Dublin Airport partly shuts Platinum Service

VIP security line closed until further notice

Dublin Airport has partly shut the VIP security line that sparked controversy when it emerged that chief executive Dalton Philips used it the same weekend that queues caused passengers to miss flights.

Airport owner DAA confirmed that it has stopped retail sales of the €295 Platinum Service, a VIP security and check-in line that included a car to the passenger’s flight, to “optimise resources” at its main operation.

It will continue for visiting dignitaries, general aviation and medical emergencies, said DAA.

Mr Philips confirmed last week that he used the service on a business trip to DAA’s Middle East operations. He abandoned this when he was told of a crisis sparked by frontline staff absences at Dublin Airport. He stressed that he also used the regular and fast-track security lines when he travelled.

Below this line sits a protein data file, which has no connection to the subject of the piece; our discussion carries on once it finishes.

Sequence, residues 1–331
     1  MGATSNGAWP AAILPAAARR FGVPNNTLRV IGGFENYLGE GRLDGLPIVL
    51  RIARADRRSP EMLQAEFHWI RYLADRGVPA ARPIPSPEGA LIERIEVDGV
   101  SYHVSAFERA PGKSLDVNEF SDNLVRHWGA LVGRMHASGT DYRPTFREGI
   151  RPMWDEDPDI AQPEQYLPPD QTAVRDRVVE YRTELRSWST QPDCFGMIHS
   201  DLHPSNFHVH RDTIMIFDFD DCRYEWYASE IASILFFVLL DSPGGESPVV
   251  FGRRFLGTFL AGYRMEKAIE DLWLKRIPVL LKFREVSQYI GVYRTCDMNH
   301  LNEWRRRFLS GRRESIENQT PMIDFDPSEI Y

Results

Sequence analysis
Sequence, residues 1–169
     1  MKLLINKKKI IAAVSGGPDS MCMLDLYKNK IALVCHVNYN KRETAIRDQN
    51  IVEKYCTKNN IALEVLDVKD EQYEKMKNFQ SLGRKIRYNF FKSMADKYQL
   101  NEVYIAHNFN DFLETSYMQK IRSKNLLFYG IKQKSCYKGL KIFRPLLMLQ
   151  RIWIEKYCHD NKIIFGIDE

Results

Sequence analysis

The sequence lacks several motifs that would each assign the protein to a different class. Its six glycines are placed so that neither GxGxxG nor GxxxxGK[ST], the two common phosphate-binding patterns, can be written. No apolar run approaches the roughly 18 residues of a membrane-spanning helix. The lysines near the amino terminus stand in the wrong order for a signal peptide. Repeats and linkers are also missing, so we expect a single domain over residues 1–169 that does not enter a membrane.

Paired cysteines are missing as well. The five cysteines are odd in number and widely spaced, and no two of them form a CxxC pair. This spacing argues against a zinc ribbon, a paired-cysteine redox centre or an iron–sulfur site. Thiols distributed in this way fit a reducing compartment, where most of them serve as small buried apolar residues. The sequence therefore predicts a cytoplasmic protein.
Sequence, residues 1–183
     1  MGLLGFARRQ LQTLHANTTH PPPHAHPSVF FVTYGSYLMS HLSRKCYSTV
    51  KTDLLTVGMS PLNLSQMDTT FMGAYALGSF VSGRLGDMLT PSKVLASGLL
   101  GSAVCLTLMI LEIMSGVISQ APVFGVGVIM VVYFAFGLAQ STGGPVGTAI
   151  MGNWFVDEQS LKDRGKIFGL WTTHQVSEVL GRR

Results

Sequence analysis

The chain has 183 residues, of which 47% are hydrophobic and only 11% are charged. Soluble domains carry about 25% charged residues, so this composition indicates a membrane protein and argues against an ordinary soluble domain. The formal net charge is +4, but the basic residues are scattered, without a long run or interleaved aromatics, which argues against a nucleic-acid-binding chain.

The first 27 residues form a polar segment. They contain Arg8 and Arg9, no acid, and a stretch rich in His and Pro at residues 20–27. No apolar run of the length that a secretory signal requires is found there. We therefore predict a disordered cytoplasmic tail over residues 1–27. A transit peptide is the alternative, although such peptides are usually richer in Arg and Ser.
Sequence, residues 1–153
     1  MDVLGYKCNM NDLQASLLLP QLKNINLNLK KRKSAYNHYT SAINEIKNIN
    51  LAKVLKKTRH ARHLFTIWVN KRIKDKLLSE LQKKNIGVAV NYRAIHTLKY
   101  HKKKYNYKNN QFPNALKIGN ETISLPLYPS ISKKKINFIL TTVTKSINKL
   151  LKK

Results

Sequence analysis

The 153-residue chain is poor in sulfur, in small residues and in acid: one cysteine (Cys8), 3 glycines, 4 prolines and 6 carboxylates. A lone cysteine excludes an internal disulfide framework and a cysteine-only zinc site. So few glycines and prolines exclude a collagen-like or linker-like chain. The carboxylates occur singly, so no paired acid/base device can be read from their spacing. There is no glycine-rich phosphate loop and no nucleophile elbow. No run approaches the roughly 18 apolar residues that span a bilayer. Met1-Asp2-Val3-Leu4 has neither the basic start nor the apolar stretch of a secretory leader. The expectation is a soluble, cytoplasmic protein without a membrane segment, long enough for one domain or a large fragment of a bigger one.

Meanwhile, a spokesman confirmed that passengers queued for an average 30 to 35 minutes at security over the bank holiday weekend, when Dublin handled more than 240,000 travellers.

The airport occasionally used outside holding areas for passengers arriving earlier than the recommended times for their flights, but the spokesman said waiting periods were not long.

Dublin recommends that short-haul travellers arrive two and a half hours before their flights with carry-on bags, or three and a half with check-in baggage. Those on long-haul trips should arrive three and a half hours before with carry-ons, and four and a half with check-in bags.

Meanwhile, European airlines cancelled June weekend flights in the face of airport bottlenecks caused by staff shortages of security officers, says a report from air travel data specialist OAG. The company says that on Saturday and Sunday last, carriers axed 11 per cent of Netherlands flights and 4 per cent of UK journeys.

OAG notes that airports and airlines blame labour shortages and the time taken to get security clearance for new recruits. It adds that it is too early to say “if this is temporary blip” while airports resolve staff problems.

Barry O'Halloran

Barry O'Halloran

Barry O’Halloran covers energy, construction, insolvency, and gaming and betting, among other areas